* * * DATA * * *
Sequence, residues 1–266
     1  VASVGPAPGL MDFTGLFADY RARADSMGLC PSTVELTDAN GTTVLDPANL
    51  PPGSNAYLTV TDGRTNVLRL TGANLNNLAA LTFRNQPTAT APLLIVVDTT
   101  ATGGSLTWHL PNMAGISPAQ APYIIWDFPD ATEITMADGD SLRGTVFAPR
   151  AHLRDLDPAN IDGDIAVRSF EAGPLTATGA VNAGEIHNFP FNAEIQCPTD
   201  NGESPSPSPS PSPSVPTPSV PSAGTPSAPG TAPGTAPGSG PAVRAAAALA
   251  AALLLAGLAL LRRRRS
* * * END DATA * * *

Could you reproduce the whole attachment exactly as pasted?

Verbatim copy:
Sequence, residues 1–266
     1  VASVGPAPGL MDFTGLFADY RARADSMGLC PSTVELTDAN GTTVLDPANL
    51  PPGSNAYLTV TDGRTNVLRL TGANLNNLAA LTFRNQPTAT APLLIVVDTT
   101  ATGGSLTWHL PNMAGISPAQ APYIIWDFPD ATEITMADGD SLRGTVFAPR
   151  AHLRDLDPAN IDGDIAVRSF EAGPLTATGA VNAGEIHNFP FNAEIQCPTD
   201  NGESPSPSPS PSPSVPTPSV PSAGTPSAPG TAPGTAPGSG PAVRAAAALA
   251  AALLLAGLAL LRRRRS